- Created by: jesper
- Created on: 06-04-12 08:06
Crude oil, Fossil fuels and hydrocarbons
Crude oil is formed from dead animals and plants these are called fossil fuels which are buried underground where there is a high temperature and pressure to form in to crude oil. To become crude oil it takes a million years. Crude oils consist of mixed hydrocarbons. The seven main fractions of crude oil are bitumen(for roads and roofs), fuel oil(ships and power stations), diesel oil(cars, lorries and buses), kerosene(aircraft), naphtha(making chemicals), gasoline(cars), bottled gas(refinery gas).
Hydrocarbons and its properties, when changing the
Hydrocarbons are long chain molecules of hydrogen and carbon
and are made of compounds of hydrogen and carbon only. length the less Properties: When the boiling point increases the length of the molecules increases. The longer the flammable it is. The longer the length more viscous (does not flow easily). The longer the chain the less it evaporates.
Complete and incomplete combustion
Complete combustion is:
Hydrocarbon + Oxygen à Carbon Dioxide + Water Vapour
The flame that is given out in complete combustion is clear blue.
Hydrocarbon + Oxygen à Carbon Dioxide + Water + Carbon Monoxide
Incomplete combustion is dangerous because it gives out a colorless, odorless and poisons gas. The flame that is given out is smoky yellowish.
Cracking is when long chain hydrocarbons are being split apart into smaller hydrocarbons. They are split into extra alkenes which can be used to make useful products like plastic. For example when diesel is cracked to make petrol, paraffin and ethane for plastic. Vaporized hydrocarbons are passed over a powder aluminum oxide(catalyst) for 700 degrees Celsius. Long chains are split or cracked this way. Alkanes have single bonds and alkenes have double bonds.
first four alkanes
all alkanes have the formula CnH2n+2
Since they are single carbons they do not have any spare bonds left that is why they are called saturated hydrocarbons. They won’t form polymers. They burn cleanly I.E. there is complete combustion so they produce Co2 and H2O. As they don’t have spare bonds they don’t change colour.
First three alkenes
Since they are double bond carbons, they have spare carbons that is why they are called unsaturated hydrocarbons. Because of their double bonds alkenes are very reactive.
Polymers are alkenes when they open up there double bond. When alkenes are given some pressure using a catalyst to smaller alkenes. They join hands together to make a long chain. Ethene has two carbons pressure and catalysts are given to ethane so they split up and make a long single chain they are called polyethene. They are called monomers. Propene will become polypropene. Polymers a re plastic.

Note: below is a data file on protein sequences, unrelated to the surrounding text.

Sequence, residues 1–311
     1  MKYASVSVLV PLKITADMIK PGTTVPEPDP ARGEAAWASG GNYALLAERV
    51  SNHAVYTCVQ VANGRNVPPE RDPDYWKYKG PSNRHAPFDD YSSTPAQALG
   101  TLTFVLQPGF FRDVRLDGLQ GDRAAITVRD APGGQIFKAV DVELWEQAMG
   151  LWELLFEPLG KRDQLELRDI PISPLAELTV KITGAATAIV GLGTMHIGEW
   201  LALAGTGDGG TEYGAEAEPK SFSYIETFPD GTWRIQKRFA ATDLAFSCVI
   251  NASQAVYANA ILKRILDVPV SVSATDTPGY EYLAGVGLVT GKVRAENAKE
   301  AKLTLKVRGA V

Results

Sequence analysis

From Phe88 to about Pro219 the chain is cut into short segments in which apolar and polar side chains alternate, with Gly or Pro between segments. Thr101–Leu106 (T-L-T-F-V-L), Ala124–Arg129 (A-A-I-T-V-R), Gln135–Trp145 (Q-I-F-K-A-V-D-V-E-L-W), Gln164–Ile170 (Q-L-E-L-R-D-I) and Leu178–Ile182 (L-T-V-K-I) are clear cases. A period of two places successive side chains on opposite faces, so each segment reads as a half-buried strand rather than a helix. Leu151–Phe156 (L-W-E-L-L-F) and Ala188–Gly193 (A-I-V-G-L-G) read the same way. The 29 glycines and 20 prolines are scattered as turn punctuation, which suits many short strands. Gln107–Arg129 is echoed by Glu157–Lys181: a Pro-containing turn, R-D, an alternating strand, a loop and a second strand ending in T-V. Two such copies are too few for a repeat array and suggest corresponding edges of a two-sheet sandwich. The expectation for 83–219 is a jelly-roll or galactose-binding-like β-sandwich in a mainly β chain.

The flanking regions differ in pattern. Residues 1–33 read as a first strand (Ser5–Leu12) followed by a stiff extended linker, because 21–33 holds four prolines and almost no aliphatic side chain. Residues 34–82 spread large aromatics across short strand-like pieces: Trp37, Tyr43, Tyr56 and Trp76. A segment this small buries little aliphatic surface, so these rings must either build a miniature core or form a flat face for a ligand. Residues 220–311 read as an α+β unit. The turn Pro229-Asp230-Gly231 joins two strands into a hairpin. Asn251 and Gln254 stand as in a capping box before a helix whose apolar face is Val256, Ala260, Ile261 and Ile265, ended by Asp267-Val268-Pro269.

Disadvantages of polymers as plastic
Disadvantages of polymers as plastic
- - it is difficult to get rid of plastic
- - most plastics are non biodegradable (can’t be broken down by micro organisms, that is why they don’t rot)
- - even when it is buried underground they are still there years later
Alkanes and alkenes and catalyst converters
When fuel is burned in the air it mixes with the nitrogen which is already present in the air. To form nitrogen monoxide NO. As well as nitrogen dioxide NO2. Nitrogen dioxide is highly toxic and when this reacts with water vapour in the air it creates acid rain. Nitrogen monoxide can be reduced by mixing it by carbon monoxide. To reduce this reaction all cars must have a catalyst converter.
Isomerism and the homologous series
Isomerism can be two alkanes with the same number of hydrocarbons however when the structure is different it is called isomerism. Isomerism have the same number only different arranged.
homologous series belong to alkanes(CnH2n+2) and alkenes (CnH2n) and there general formulas. Each one differs by CH2 (one extra atom). They all have the same chemical type. They go in series because they go up in sequence numbers. They also react in a similar way.
Need To Know
Need to know:
This happens In the presents of sunlight and this is called substitution reaction
Methane + Bromineà Bromomethane + Hydrogen Bromide
Methane + Chlorineà Chloromethane + Hydrogen Chloride
Bromine water as a test to find out whether it is an alkane or alkene if it decolorizes it is an alkene and if not it is an alkane and stays brown.
When hydrocarbons are under go cracking they split up into small reacting molecules called monomers which then later join op to form a long chain like a necklaces to make a polymer. This can be produced into many plastic products.
Ethanol is the type of alcohol found in alcoholic drinks such as wine and beer. It's also useful as a fuel. For use in cars and other vehicles, it is usually mixed with petrol.
Structure of ethanol
Ethanol molecules contain carbon, hydrogen and oxygen atoms.
Making ethanol from ethene and steam
Ethanol can be made by reacting ethene (from cracking crude oil fractions) with steam. A catalyst of phosphoric acid is used to ensure a fast reaction.
ethene + steam → ethanol
C2H4 + H2O → C2H5OH
Notice that ethanol is the only product. The process is continuous – as long as ethene and steam are fed into one end of the reaction vessel, ethanol will be produced. These features make it an efficient process, but there is a problem. Ethene is made from crude oil, which is a non-renewable resource. It cannot be replaced once it is used up and it will run out one day.
Sugar from plant material is converted into ethanol and carbon dioxide by fermentation. The enzymes found in single-celled fungi (yeast) are the natural catalysts that can make this process happen.
C66H12O6 → 2C2H5OH + 2CO2
Unlike ethene, sugar from plant material is a renewable resource.